Physical insight can be gained by plotting the simulated spectrogram of the pulse for different propagation lengths z along the MF, as is illustrated in Fig. 6. Under the combined action of self-phase modulation and dispersion, the pulse compresses in the first centimeter of the MF, which results in a spectral broadening of the pulse (see Fig. 6(a)). As the spectrum of the pulse overlaps with that of the visible dispersive wave, the latter one is strongly amplified (see Fig. 6(b)). The pulse splits into multiple solitons that subsequently experience SSFS (see Fig 6(b)–(d)). When the center wavelengths of the solitons shift into the vicinity of λZDI, infrared dispersive waves start to be amplified (see Fig. 6(c)–(d)) and, as in the case of the formation of the visible dispersive waves, a gap is formed around λZDI. Furthermore, it can be seen from Fig. 6(d) that the infrared dispersive waves spread quickly in time. This confirms their dispersive nature. Even though the physical origin of the dispersive waves at the visible and infrared wavelengths is identical, their subsequent evolution is drastically different. Indeed, the slope of the dispersion curve around the visible zero-dispersion wavelength is positive whereas that around the infrared zero-dispersion wavelength is negative. Consequently, the spectra of the multiple solitons are moving away from the spectral components of the visible dispersive waves towards the infrared. This fundamental difference explains the fact that the visible dispersive waves are generated in the very beginning of the MF and are not subsequently affected by further propagation whereas the infrared dispersive waves are amplified along the way and their spectrum broadens as the solitons shift their wavelength closer to λZDI. This results in a reduced gap at λZDI compared to the one on the visible side. The solitons eventually cease to shift their center wavelength as they transfer energy into the infrared waves. The recoil due to this energy loss downshifts the center wavelength of the solitons and balances the Raman upshift [12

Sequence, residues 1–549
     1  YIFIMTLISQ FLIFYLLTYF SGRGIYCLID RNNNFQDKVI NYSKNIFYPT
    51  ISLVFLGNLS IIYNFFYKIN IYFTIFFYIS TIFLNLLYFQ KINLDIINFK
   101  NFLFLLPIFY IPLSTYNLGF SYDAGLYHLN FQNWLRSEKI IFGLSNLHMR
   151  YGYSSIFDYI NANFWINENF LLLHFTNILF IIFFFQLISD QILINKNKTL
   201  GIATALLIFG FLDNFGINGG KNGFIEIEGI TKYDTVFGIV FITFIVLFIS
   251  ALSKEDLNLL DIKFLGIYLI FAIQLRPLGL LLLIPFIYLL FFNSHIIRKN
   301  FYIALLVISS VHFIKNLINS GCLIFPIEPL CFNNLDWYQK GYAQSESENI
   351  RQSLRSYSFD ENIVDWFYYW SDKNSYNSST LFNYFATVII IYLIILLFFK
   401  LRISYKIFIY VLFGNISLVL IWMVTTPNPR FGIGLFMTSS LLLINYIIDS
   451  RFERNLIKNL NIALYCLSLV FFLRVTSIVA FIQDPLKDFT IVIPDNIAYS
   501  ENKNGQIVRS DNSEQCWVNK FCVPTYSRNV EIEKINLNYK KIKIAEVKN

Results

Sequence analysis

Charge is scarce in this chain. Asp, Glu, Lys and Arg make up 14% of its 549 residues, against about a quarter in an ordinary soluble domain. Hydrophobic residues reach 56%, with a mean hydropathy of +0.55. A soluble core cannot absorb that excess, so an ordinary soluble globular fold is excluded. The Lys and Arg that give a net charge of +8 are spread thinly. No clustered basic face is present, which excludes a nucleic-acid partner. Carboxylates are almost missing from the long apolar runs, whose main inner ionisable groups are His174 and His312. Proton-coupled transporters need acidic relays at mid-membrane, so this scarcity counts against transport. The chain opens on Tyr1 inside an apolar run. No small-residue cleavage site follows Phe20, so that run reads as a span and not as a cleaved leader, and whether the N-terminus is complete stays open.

12. D. V. Skryabin, F. Luan, J. C. Knight, and P. St. J. Russell, “Soliton self-frequency shift cancellation in photonic crystal fibers,” Science 301, 1705–1708 (2003). [CrossRef] [PubMed]